MODELLING IN THE
It seems that 3D Models are appearing nearly everywhere in
the media industry, it can be found in various places;
TV & Film
HOW ARE THEY
TV & Film
In TV and Film 3D Models are used to create large effects such
as the robots in Transformers or to create environments and
characters in films like Avatar.
There are minimal limits and the models can have a high poly
count because they're not rendered out at real time, they're
rendered for playback.
In animation the visual is commonly very cartoon looking,
simply for the reason that the film is entirely animated,
rendering times would be insane if everything were to look 100%
realistic. Wreck It Ralph (2012) is a good example of a recent
HOW ARE THEY
Just about everything in video game is 3D
modeling, these can be simple things like triggers
or could be more complex entities such as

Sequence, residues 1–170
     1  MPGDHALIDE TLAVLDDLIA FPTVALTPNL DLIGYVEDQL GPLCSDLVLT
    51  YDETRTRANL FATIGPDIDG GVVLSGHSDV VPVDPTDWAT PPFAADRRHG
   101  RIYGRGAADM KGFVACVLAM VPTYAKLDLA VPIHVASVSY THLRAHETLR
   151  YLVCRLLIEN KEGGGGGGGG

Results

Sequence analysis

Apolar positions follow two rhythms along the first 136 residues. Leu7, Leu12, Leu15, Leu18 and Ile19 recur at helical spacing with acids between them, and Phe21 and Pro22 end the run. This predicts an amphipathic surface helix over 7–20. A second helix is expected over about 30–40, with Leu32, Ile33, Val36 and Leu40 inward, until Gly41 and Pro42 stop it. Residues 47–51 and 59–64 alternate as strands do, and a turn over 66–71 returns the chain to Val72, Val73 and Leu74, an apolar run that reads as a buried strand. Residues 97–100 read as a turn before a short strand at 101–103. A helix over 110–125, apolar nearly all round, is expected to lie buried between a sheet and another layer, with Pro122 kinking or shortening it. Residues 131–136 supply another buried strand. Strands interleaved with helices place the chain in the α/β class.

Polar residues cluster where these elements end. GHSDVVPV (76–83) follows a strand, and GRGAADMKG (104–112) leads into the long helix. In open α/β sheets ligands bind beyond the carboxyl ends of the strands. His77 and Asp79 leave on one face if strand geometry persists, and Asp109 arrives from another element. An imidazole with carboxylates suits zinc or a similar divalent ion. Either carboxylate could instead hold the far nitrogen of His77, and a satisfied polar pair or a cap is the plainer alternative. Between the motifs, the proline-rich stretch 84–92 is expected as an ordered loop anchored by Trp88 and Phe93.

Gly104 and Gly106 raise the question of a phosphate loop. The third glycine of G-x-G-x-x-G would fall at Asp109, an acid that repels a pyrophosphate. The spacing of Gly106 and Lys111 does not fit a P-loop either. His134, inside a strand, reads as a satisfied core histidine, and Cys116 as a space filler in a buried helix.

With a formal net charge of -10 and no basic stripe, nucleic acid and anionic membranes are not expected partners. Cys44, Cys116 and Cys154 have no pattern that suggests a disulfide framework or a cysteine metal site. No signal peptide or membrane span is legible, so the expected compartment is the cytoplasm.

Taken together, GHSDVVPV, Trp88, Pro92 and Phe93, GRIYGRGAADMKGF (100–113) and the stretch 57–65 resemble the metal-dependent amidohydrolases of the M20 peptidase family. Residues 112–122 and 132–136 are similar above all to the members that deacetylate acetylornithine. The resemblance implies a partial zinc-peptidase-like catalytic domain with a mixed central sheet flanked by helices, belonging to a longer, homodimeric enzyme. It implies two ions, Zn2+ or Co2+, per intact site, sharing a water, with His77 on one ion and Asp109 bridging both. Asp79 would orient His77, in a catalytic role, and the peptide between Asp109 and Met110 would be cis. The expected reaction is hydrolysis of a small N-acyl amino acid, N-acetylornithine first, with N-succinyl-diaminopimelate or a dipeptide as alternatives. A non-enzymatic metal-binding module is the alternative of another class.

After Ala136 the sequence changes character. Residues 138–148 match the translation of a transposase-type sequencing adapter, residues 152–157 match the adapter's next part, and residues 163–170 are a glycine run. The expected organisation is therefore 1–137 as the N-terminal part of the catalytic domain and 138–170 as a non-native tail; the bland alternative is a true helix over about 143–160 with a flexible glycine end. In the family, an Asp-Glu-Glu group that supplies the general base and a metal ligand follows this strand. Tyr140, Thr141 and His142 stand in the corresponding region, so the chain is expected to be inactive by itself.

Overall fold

characters or the environment they live in.
Unfortunately video games render the models in
real time meaning they can't have as many
polys, although some advancements have been
made over the years.
HOW ARE THEY USED
Educational Purposes –
3D Modelling allows teachers to show their students certain
objects from body organs to engine parts. Everything can be
shown on screen using a 3D model, where as getting the
actual objects is pricey and sometimes may be a hassle.
HOW ARE THEY
3D modelling is used to create prototypes or even parts that
can be printed off using 3D printers, this is much more
precise than doing it manually as laser beams and
mechanics are way more stable than the human hand.
HOW ARE THEY
For example if we look at Half Life 1 compared to Portal 2, both games developed by
Valve and running on the same engine, Source. I’ve used these two games because of